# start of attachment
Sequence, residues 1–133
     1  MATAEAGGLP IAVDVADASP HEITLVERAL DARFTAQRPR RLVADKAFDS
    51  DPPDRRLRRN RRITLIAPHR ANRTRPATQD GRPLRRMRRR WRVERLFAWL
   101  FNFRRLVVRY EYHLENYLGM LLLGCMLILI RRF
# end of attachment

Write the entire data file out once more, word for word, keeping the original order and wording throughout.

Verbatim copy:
Sequence, residues 1–133
     1  MATAEAGGLP IAVDVADASP HEITLVERAL DARFTAQRPR RLVADKAFDS
    51  DPPDRRLRRN RRITLIAPHR ANRTRPATQD GRPLRRMRRR WRVERLFAWL
   101  FNFRRLVVRY EYHLENYLGM LLLGCMLILI RRF